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Here are 5 fits for Strasburg if he opts out

October 8, 2019

Stephen Strasburg would fast-track the Padres toward contention next season. He’d do the same for the Angels, Phillies and White Sox and would be a crown jewel in the Giants' rebuild. Meanwhile, Strasburg is focused on the here and now: Taking the mound at Dodger Stadium on Wednesday in a

Stephen Strasburg would fast-track the Padres toward contention next season. He’d do the same for the Angels, Phillies and White Sox and would be a crown jewel in the Giants' rebuild.

Meanwhile, Strasburg is focused on the here and now: Taking the mound at Dodger Stadium on Wednesday in a deciding Game 5 of a National League Division Series.

NLDS presented by Utz, Game 5: Tonight, 8:30 p.m. ET/5:30 PT on TBS

You’re likely to hear plenty about how all the pressure is on the 106-win Dodgers. There’s plenty of pressure on the Nationals as well. In the last eight seasons, only the Dodgers have won more regular-season games than the Nats.

But the Nationals have yet to win a postseason series, and with Anthony Rendon and possibly Strasburg headed for free agency, there’s plenty of uncertainty about their own window of opportunity.

Game Date Result Highlights
Gm 1 Oct. 3 LAD 6, WSH 0 Watch
Gm 2 Oct. 4 WSH 4, LAD 2 Watch
Gm 3 Oct. 6 LAD 10, WSH 4 Watch
Gm 4 Oct. 7 WSH 6, LAD 1 Watch
Gm 5 Oct. 9 WSH 7, LAD 3 Watch

To get this far after a 19-31 start is the kind of chance teams don’t have very often. But Strasburg’s potential free agency makes this run even more interesting for both parties.

Strasburg hasn't said whether he’ll opt out of the final four years and $100 million of his current contract with the Nationals. However, given the market for high-end starting pitching, that seems likely. He could use the opt-out to redo his current deal, or he could explore his other options. With his current average annual salary of $25 million on the remaining four years of his deal, Strasburg’s AAV would be below that of Justin Verlander, Zack Greinke, David Price, Clayton Kershaw and Max Scherzer, all of whom have deals worth $30 million a year.

Gerrit Cole is the No. 1 free-agent pitcher this offseason, but Strasburg could be second in a market that’s likely to include Madison Bumgarner, Hyun-Jin Ryu, Zack Wheeler, and others.

And while Strasburg battled injuries earlier in his career, the 30-year-old led the NL in innings pitched this year, and is showing once again that he can handle the October stage.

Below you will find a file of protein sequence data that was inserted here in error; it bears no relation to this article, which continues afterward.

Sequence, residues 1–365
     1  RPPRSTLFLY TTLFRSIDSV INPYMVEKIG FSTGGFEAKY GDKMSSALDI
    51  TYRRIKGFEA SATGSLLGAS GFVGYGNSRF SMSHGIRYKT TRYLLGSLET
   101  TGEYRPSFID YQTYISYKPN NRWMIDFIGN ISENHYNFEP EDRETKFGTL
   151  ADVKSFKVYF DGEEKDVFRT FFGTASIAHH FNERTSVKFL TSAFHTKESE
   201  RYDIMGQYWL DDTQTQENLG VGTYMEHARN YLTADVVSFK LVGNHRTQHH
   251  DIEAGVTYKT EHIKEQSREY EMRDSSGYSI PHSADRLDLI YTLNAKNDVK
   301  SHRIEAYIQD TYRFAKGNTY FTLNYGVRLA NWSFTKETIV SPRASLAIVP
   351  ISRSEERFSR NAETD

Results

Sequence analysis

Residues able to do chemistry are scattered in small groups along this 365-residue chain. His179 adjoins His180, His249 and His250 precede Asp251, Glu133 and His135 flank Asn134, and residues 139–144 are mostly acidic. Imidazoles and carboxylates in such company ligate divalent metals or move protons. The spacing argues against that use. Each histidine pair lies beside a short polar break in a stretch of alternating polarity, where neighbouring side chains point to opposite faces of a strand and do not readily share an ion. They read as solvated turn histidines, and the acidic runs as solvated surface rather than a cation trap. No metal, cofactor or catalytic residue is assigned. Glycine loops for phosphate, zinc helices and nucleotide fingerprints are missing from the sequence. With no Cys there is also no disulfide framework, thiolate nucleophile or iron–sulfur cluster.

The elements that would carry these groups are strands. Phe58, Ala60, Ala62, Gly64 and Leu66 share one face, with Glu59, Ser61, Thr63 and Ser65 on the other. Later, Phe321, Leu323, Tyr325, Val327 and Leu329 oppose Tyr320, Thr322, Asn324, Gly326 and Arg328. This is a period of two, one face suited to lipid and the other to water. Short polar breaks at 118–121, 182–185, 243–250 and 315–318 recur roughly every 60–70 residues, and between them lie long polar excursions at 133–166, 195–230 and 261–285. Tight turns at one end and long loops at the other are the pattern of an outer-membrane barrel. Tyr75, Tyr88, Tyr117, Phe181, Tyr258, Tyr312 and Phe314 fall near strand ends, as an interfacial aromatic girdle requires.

Here are five options for Strasburg:


Why they need him: He’s one of the franchise’s cornerstones and pitching at a level that’s not easy to replace.

Strasburg may not have given the Nationals a hometown discount when he agreed to a seven-year, $175 million deal prior to the 2017 season. Rather than test free agency, he told his agent, Scott Boras, that he was happy in Washington and that he wanted to get a deal done. There’s no reason to think Strasburg feels any different now. And as Clayton Kershaw did with the Dodgers last offseason, don’t be shocked if Strasburg uses the opt-out as leverage to get years added on to his current deal, and never actually hits free agency. There is also this: All-Star third baseman Anthony Rendon is definitely going to be a free agent, and could very well leave. The Nationals can’t afford to lose both players and expect to contend next year.


Why they need him: The Padres are loaded with young pitching. What they do not have is a workhorse/ace.

San Diego would seem to be the most natural fit outside Washington, since Strasburg grew up in Southern California and attended San Diego State. The Padres appear close to turning a corner and have spent big money in free agency the last two offseasons with the signings of Eric Hosmer and Manny Machado. But even with those deals, their long-term payroll commitments are reasonably modest, with roughly $75 million currently committed for 2021-22.


Why they need him: If they do not significantly upgrade their rotation, they’re going to waste the best years of this generation’s premier player, Mike Trout.

We’ve all but fitted Cole with an Angels uniform, and that may happen since he grew up in Orange County, Calif., and owns a home there. If the Halos really wanted to make a splash, they’d go for both Cole and Strasburg with the hope of landing at least one of them. Angels starting pitchers had a 5.64 ERA in 2019, second highest among 30 Major League teams, so you know they are going to be in the mix for some starters. Albert Pujols’ deal comes off the books following the 2021 campaign, and the Halos would seem to be positioned to make a splash soon.


Why they need him: Phillies starters had a 4.64 ERA, and while the team needs more offense and a better bullpen, a dramatic pitching upgrade is also needed.

Aaron Nola took a small step backward in 2019 but was still solid, and 25-year-old Zach Eflin had some strong stretches. Strasburg would give the Phillies another quality arm capable of getting deep into games. To repeat: the Phils need more than one starting pitcher, but signing Strasburg would be a great start. To see Strasburg follow Bryce Harper up I-95 to a division rival would excite Phillies fans even more. One reason for pause: The last big contract they gave to a starter (Jake Arrieta) hasn’t been a huge success, but his deal is up after 2020, so that should give them a little leeway.

White Sox

Why they need him: The White Sox have youth, they need some experience.

The Sox have only around $15 million in payroll commitments for 2020, and with so many cost-controlled young players, fitting a couple of veteran starters into the equation would be doable. They were in the mix for Machado last offseason, so there's no reason to think they wouldn’t be pursuing big free agents this winter.

Richard Justice has been a reporter for since 2011. Listen to his podcast and follow him on Twitter at @RichardJustice.